This article in brisbanetimes.com.au by Katharine Feeney highlights the dilemma with heritage: knowing what we do about our past and what has been lost with time, as well as what has been protected, what do we do about future heritage, if such a concept can make any sense? What obligations do we have to maintain any future past? Can we? Should we? What do we pass on if choose to act? Will it merely be a charade - a 'fake' heritage as selected by others of that time? Can 'heritage' have a present? - see http://voussoirs.blogspot.com.au/2012/06/heritage-story-of-tapestry.html
Protecting Brisbane's brutal charm
KATHERINE FEENEY June 12, 2012
QPAC (QUEENSLAND PERFORMING ART CENTRE), BRISBANE ROBIN GIBSON
The heritage values intended to protect the Old State Library on William Street should extend to the brutalist concrete government buildings at the heart of Premier Campbell Newman's controversial parliamentary precinct plan, a top Queensland architect says.
Award winning architect Don Watson, who has worked with the Queensland government and is an adjunct professor at the University of Queensland, believes towers such as George Street's Public Works office should not be demolished simply because they're popularly “unattractive”.
“These buildings are part of a story,” Mr Watson told brisbanetimes.com.au.
“Unless they survive for a reasonable length of time, the decision is not likely to be in their favour.
“But if it lasts another decade or more, then I think people would recognise the quality.”
Mr Watson, recently recognised with a Queensland Memory Award for his work researching the state's built history, said Brisbane was at risk of becoming a “just-new” city too like the Gold Coast and without an architectural tapestry.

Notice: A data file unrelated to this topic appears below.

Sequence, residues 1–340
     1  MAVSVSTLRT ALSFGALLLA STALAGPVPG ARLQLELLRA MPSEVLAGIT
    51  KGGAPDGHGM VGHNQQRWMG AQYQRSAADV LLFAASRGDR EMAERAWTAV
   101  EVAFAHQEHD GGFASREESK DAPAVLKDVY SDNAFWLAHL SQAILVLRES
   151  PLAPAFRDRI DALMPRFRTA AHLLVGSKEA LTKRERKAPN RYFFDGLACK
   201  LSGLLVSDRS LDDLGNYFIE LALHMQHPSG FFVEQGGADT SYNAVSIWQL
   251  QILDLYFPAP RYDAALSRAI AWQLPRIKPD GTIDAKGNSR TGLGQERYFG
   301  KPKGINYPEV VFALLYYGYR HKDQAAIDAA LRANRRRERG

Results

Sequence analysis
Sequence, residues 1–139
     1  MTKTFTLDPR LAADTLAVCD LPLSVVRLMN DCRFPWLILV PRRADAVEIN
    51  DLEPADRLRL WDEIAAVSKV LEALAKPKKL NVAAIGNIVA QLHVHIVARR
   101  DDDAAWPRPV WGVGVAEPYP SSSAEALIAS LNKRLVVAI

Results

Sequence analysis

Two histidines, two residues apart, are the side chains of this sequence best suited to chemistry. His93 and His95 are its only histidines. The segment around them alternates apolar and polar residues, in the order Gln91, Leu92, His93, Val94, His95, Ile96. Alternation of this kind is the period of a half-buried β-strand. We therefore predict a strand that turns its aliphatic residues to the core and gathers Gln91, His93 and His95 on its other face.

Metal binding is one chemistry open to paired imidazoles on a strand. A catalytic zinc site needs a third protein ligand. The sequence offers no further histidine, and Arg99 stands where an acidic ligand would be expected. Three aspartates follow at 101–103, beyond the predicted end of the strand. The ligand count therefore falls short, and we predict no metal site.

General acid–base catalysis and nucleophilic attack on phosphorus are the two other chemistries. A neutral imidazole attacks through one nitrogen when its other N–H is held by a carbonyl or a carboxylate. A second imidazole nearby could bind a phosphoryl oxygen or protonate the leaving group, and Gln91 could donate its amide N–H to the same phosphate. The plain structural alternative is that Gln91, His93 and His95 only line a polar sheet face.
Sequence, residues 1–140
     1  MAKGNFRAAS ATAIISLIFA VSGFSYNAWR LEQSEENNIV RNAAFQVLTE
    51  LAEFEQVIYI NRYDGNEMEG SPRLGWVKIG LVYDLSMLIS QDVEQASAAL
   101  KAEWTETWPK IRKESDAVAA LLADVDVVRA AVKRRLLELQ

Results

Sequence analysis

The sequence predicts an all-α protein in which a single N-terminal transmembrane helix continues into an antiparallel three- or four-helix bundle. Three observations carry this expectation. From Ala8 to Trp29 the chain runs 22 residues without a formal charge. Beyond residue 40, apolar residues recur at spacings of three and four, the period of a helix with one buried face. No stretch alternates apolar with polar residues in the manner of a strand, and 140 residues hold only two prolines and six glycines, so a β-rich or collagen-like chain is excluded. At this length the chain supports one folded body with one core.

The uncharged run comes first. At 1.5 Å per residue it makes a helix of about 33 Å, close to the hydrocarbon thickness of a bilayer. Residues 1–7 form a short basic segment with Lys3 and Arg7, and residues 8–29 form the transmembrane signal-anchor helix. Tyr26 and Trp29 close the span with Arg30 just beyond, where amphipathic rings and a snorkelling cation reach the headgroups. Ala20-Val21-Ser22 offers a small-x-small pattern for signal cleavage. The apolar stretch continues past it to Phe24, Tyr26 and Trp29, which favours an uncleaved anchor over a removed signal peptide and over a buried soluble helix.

“Unless you keep a cross-section of the buildings that have been done over the whole period, the town doesn't develop any richness,” he said.
“We renovate [old buildings] pretty quickly these days – a little more quickly than would be desirable.
“People have limited patience for what they perceive as being outdated – they somehow think it rubs off on them somehow.”
There are currently no buildings in Brisbane designed from the 1970s onward listed on the Queensland Heritage Register, with the youngest being the Sir William Glasgow memorial on Queen Street, built in the 1960s and registered in 2004.
Department of Environment and Resource Management heritage branch director Fiona Gardiner said there were eight standards in the Queensland Heritage Act 1992 that would need to be met before a building could be registered.
They related to qualities such as aesthetic significance, creative or technical achievement at a particular period or demonstration of historical evolution.
But Ms Gardiner said there had been no applications made regarding heritage protection of the Public Works building despite Mr Watson's commendation of the Lund Hutton Ryan Morton site as a “very good” example of 1980s brutalist style – an architectural period that followed from 1950s and 1960s modernism.
Mr Watson said other “fantastic” brutalist buildings in Brisbane included works by Robin Gibson, who created Queensland Performing Arts Centre, Queensland Art Gallery and the State Library of Queensland.
Unlike Brisbane, Sydney was famous for the "nuts and berries" of it's built landscape, which saw brutalist slabs maintained alongside elegant brick buildings, creating a rich visual tapestry that captured the city's architectural history.
He said protecting the recent past for the future was just as important as honouring the built legacy of Brisbane's early designers, and said buildings such as the new ABC headquarters at South Bank should be protected as an example of excellent contemporary design.
“Some building types or key buildings earn affection very quickly – like the Sydney Opera House for example and the new Queensland Art Gallery for example,” he said.
“But other more complicated buildings or buildings with very ordinary uses like an office block probably do need a period of time before people understand their value.
“We need to make sure that value isn't lost forever because it's not realised in time.”
Mr Watson is currently researching Queensland's influential architects of the 20th century for a follow up to his 1994 work Queensland Architects of the Nineteenth Century: A Biographical Dictionary.
The $20,000 Queensland Memory fellowship recently awarded to him by Arts Minister Ros Bates will help him continue his work with the State Library of Queensland's John Oxley Library.